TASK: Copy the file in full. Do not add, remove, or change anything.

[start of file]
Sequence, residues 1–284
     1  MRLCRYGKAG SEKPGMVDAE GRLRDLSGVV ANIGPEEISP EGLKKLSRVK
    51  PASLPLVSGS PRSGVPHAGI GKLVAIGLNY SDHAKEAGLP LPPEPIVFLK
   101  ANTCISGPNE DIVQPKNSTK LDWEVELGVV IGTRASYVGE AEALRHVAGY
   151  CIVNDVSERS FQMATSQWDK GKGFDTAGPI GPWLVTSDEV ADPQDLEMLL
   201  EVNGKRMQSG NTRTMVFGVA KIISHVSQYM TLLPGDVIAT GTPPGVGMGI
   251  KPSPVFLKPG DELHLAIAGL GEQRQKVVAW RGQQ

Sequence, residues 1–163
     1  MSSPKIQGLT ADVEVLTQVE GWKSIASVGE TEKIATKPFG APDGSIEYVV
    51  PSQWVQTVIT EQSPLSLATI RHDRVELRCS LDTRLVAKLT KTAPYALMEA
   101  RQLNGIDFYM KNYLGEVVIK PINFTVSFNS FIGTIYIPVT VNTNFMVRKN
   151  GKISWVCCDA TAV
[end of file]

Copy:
Sequence, residues 1–284
     1  MRLCRYGKAG SEKPGMVDAE GRLRDLSGVV ANIGPEEISP EGLKKLSRVK
    51  PASLPLVSGS PRSGVPHAGI GKLVAIGLNY SDHAKEAGLP LPPEPIVFLK
   101  ANTCISGPNE DIVQPKNSTK LDWEVELGVV IGTRASYVGE AEALRHVAGY
   151  CIVNDVSERS FQMATSQWDK GKGFDTAGPI GPWLVTSDEV ADPQDLEMLL
   201  EVNGKRMQSG NTRTMVFGVA KIISHVSQYM TLLPGDVIAT GTPPGVGMGI
   251  KPSPVFLKPG DELHLAIAGL GEQRQKVVAW RGQQ

Sequence, residues 1–163
     1  MSSPKIQGLT ADVEVLTQVE GWKSIASVGE TEKIATKPFG APDGSIEYVV
    51  PSQWVQTVIT EQSPLSLATI RHDRVELRCS LDTRLVAKLT KTAPYALMEA
   101  RQLNGIDFYM KNYLGEVVIK PINFTVSFNS FIGTIYIPVT VNTNFMVRKN
   151  GKISWVCCDA TAV